Posted Friday 9 December 2016
More than 120 alumni, students and staff (past and present) from the department of geology and geography returned to Kingston last month to celebrate 70 years since geology was first taught at Kingston University.
The alumni, who ranged from those who graduated in 1952 to those who left Kingston earlier this year, were joined by current geology students who were on hand to give tours of the department and show off some of the exciting things the faculty is working on.
"This was my first time back since walking out the door after finals in 1974", said Roger Middleton, (BSC Geology 1977). "And although the facade is the same, once inside the place is unrecognisable.
"During a tour of the labs and geology department we got to talk to the staff and some of the current students. It was very strange handling some of the specimens that we drew so laboriously 45 years ago!"
The reunion featured guest lectures from Kingston geology alumni Alan Butcher (BSc Geology, 1980), Graham Sutliffe (BSc Geology joint hons, 1975), Stuart Harker (BSc Geology, 1972), Steve Cribb (BSc Geology, 1972), as well as former professor Nick Petford. The topics included 'About European Beer', 'Digital Mineralogical Mapping', and 'The Kingston Mafia', with Nick Petford delivering the 'Whitten lecture' on magma emplacement.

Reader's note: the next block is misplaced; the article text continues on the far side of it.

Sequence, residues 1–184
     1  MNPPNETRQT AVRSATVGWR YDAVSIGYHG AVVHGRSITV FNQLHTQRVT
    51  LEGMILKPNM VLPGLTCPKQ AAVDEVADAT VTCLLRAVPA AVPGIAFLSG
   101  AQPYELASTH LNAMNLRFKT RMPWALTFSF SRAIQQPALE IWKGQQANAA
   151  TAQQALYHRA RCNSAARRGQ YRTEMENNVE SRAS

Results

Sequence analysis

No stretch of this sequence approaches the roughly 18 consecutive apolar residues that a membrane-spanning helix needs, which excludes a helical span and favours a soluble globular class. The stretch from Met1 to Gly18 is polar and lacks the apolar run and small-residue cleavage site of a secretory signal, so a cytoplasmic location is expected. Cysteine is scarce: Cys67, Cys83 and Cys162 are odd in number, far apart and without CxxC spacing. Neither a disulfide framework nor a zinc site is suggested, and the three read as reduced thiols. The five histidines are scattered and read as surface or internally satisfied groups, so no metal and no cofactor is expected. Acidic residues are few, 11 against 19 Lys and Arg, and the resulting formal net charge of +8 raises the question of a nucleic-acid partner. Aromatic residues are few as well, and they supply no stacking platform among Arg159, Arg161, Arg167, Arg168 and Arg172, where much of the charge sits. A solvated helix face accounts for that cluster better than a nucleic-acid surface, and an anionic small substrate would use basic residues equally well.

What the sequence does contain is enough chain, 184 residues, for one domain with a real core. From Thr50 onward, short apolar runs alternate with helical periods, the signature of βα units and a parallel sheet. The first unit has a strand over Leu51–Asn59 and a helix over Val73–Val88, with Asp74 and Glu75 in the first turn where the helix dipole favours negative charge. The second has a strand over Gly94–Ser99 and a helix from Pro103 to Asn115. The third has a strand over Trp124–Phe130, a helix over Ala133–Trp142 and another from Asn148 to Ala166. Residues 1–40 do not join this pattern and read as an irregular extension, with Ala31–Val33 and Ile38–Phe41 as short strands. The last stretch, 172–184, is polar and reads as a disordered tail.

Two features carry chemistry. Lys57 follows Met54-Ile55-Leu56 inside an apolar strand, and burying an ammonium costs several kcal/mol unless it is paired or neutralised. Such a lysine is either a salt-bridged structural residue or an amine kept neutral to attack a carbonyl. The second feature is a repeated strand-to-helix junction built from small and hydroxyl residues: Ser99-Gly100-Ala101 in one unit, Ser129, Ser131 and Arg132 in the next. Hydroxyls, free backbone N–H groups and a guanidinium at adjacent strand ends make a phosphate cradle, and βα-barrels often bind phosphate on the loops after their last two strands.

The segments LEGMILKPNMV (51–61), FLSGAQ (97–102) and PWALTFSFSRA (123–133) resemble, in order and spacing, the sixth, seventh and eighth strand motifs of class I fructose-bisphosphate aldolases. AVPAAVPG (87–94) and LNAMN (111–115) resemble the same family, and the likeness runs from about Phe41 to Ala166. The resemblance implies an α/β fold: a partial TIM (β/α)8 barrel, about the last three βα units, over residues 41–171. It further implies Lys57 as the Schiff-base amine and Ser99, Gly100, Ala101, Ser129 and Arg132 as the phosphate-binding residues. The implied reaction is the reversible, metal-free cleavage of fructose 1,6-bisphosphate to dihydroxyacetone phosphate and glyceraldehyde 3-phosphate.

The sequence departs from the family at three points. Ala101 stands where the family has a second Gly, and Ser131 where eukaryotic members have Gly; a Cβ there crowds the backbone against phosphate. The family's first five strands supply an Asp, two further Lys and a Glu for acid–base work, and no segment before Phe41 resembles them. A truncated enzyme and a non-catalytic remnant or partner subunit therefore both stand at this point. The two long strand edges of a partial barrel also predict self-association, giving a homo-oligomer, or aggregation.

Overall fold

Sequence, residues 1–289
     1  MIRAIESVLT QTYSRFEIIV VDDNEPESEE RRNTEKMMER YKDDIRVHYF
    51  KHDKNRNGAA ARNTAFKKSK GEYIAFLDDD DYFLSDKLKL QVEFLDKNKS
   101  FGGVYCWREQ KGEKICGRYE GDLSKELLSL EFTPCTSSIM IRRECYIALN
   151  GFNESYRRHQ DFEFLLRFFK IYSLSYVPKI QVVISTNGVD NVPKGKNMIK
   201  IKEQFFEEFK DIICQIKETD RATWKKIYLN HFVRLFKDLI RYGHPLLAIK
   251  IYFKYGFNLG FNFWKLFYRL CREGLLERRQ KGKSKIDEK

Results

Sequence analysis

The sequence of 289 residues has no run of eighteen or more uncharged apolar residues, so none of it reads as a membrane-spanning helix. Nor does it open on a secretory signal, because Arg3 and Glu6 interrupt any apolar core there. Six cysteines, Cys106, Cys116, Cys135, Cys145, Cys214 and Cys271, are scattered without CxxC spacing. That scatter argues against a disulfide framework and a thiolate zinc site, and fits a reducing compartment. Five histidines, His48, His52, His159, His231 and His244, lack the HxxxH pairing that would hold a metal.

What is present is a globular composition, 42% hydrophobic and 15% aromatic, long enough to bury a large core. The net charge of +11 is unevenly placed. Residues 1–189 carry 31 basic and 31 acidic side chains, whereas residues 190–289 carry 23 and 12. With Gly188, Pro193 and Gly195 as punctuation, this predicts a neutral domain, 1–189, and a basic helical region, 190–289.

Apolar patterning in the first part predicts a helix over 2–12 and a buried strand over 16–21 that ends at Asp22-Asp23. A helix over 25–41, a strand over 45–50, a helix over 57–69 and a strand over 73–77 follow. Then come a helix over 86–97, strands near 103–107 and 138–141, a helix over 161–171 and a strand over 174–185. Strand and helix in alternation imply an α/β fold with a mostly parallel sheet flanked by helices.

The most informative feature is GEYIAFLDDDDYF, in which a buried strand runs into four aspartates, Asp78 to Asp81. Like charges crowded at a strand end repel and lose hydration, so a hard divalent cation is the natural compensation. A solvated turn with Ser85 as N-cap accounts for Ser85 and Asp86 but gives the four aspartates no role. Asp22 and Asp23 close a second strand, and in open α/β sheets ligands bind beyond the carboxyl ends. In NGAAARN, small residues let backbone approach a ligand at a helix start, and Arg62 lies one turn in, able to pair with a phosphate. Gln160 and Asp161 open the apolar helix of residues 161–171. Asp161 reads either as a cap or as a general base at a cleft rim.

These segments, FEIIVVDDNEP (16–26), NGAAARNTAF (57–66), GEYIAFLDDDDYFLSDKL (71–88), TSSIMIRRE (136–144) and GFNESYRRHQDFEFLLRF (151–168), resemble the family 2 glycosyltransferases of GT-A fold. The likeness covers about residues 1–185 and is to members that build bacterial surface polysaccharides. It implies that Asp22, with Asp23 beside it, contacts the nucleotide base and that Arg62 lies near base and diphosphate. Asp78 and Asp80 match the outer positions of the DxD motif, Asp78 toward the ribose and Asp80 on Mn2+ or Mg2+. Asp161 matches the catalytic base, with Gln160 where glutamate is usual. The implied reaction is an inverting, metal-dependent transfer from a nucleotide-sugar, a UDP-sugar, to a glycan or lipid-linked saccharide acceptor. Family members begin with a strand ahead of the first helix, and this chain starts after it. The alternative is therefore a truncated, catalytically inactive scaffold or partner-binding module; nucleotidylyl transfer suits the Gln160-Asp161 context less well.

This was followed by a geological themed wine-tasting hosted by Kingston alumnus Dick Selley (BSc Geology, 1961), who described the rosy future he sees for English rosé wine.
"The talks were light and humorous, not in the least bit "academic", said Roger, "but with an underlying serious topic. Even though this was the first time I had listened to anything geological in 42 years (other than mainstream radio and TV), I was with 80% of it.
"And the stuff that I missed - I know I won't have to regurgitate it in an exam any time soon!"
The guests then enjoyed an evening dinner, featuring speeches from our 'Master of Ceremonies', alumnus and honorary doctor, and President of the Geological Society of London, Malcolm Brown, and Dick Moody, former Emeritus Professor at Kingston University.
"Even though I knew so few of those there, it didn't seem to matter as we all had a shared experience, and the cohesiveness of Kingston Geologists is still very much in evidence," said Roger. "It was over all too soon!"